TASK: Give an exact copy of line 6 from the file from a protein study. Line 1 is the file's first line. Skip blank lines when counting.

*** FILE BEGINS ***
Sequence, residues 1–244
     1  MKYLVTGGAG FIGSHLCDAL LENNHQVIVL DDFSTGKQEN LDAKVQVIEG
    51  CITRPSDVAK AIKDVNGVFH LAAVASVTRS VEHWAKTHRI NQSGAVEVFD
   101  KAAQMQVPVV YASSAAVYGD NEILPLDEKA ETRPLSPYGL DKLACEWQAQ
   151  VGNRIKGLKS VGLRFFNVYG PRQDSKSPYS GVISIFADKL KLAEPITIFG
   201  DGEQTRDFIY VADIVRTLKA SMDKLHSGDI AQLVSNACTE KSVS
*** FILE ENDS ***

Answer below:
   201  DGEQTRDFIY VADIVRTLKA SMDKLHSGDI AQLVSNACTE KSVS